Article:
UK government to launch attraction strategy for recruitment, a reform idea from Romania, and more

By on 04/06/2024 | Updated on 04/06/2024
Photo of Cat Little speaking.
Photo courtesy of HM Treasury

Welcome to the latest edition of our Management and Workforce Monitor newsletter.

This month, we cover insights on attracting and retaining civil service talent and a proposal for a new ‘National School for Government’ in the UK, as well as featuring interviews with senior government finance leaders.

Richard Johnstone
Executive editor
Global Government Forum

In this edition:

UK government to launch attraction strategy for recruitment

Image: Institute for Government

The UK government is to launch an “attraction strategy” to help it recruit the skills it needs, the new chief operating officer of the UK civil service has said.

Getting the right people in: Speaking at an Institute for Government event on how the civil service can recruit and retain top talent, Cat Little, the new permanent secretary of the Cabinet Office and civil service chief operating officer, said good recruitment is vital to the work of government.

Diverse challenges need diverse expertise: “We do really diverse things in the civil service, so it matters that we have diverse skills, diverse experience, and diverse expertise,” she said.

Future skills: Little also flagged “a real need” to recruit more specialist skills in government. “We know that we’ve got gaps in quite a lot of our tech and specialist corporate skills, [and] we don’t just want to be playing catch up. We want to be thinking about skills that we need in the future as well. And we also know that we deliver better outcomes for the public when we’ve got diversity of thought [and] diversity of backgrounds.”

The plan: Among the ways that government is looking to do this is through the launch of what Little called an “attraction strategy” to set out how to get the best talent into government.

Five alive: Little said the plan would have five pillars, with a focus on “boosting people’s understanding of the civil service” so that potential applicants understand the work of government when they see a job advert. This will mean clearly explaining what government does, avoiding jargon and “making sure that our job adverts and civil service jobs are understandable”, she said.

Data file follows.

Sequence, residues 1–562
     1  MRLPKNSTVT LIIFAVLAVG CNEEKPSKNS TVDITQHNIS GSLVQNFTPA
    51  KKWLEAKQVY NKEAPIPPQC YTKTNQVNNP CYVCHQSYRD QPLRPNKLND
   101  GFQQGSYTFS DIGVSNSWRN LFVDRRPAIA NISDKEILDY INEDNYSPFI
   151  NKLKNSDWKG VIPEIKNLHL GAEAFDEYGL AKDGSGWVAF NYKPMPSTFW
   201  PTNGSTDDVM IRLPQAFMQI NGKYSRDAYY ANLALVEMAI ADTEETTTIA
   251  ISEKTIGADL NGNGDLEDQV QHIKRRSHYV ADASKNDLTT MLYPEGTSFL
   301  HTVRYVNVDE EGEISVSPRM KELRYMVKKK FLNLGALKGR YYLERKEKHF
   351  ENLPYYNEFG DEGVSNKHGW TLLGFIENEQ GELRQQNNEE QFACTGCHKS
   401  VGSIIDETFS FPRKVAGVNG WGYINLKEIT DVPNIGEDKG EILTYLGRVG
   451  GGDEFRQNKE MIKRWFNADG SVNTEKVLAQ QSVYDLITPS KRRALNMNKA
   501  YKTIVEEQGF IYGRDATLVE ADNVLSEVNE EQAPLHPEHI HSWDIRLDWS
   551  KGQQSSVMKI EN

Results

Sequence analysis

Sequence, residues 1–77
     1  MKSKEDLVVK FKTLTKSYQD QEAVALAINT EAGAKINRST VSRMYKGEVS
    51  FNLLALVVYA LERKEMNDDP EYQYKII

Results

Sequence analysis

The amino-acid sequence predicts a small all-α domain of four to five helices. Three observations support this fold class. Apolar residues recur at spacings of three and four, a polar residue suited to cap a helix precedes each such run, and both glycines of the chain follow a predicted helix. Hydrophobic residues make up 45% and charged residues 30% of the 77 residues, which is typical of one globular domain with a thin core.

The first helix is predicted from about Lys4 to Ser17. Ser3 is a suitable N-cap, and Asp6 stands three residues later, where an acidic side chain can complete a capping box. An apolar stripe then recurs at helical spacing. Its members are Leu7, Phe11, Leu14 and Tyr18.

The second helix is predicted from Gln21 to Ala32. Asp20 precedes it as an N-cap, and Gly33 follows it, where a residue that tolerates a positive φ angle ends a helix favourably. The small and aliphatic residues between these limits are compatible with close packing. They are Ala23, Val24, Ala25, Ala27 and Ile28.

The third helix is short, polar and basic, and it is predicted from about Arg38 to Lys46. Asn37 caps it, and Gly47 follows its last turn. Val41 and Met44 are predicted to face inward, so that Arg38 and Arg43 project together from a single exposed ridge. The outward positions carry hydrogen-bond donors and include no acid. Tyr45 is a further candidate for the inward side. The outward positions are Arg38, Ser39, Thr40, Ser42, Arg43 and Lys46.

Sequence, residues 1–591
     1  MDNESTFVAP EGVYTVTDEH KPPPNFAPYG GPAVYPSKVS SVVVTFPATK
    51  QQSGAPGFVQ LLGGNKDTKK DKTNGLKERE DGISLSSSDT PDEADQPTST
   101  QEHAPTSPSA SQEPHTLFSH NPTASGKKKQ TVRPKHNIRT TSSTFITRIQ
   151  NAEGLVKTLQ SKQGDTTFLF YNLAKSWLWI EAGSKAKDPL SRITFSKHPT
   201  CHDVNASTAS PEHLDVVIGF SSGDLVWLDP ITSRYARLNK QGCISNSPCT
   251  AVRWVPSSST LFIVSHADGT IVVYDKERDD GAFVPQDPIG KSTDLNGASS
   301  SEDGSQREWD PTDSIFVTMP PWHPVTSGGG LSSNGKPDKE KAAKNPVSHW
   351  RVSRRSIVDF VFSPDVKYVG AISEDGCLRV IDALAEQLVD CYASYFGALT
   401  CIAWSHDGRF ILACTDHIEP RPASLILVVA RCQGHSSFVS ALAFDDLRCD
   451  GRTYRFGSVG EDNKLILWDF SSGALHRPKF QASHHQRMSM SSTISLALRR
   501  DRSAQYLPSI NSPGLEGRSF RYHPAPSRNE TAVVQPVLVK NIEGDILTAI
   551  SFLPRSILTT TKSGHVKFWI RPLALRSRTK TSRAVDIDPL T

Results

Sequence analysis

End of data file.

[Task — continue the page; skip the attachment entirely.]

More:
Demystifying government for newcomers: The need to make it easier for people to understand how government works when they join the civil service was also highlighted by Gareth Davies, permanent secretary of the Department for Business and Trade, who stressed the need to make the rules of the road of policymaking clearer for those joining government.

Getting onboard: Davies said government needs to focus on “standardisation” of policymaking processes to make it easier for those who are moving into government from other sectors.

Making a science out of an art: For too long, policymaking has been seen as an art form that can’t be written down that you have to pick up by osmosis, he said.

“I think that’s wrong. I think that’s blocked people moving in from the private sector.” A standardised approach would help people onboard quickly, he added.

Making it happen: Where this formalisation has been achieved in cross-government professions, such as the work led by Little in her previous position as head of the government finance function, it has been excellent, he said – and the same applies in work in his department around trade.

A trade place: He said a similar approach was taken in the creation of the trade profession in government. At the time of the Brexit referendum, government had no trade capacity as this was a function of the European Union. When the government aimed to build this capacity, it needed to appeal to the right people. “[Trade is] a profession that exists in legal services firms globally, so [we were] able to bring people in, because people understood what a trade negotiator was,” he said. They avoided jargon around civil service grades that would not be clear to everyone. “The language of a HEO [higher executive officer] policy advisor – what on earth is that to someone who’s not steeped in the government system?”

What it’s like joining: The session also heard from Sarah Munby, now permanent secretary of the Department for Science, Innovation and Technology, but who rejoined the civil service in 2019 as director general, business sectors in the then-Department for Business, Energy and Industrial Strategy after a spell in Whitehall early in her career.

What she was warned about: Munby said before she joined BEIS she was warned government would be very bureaucratic, but she had not found this during the myriad crises – from Brexit to COVID to Ukraine – that government has faced since she joined.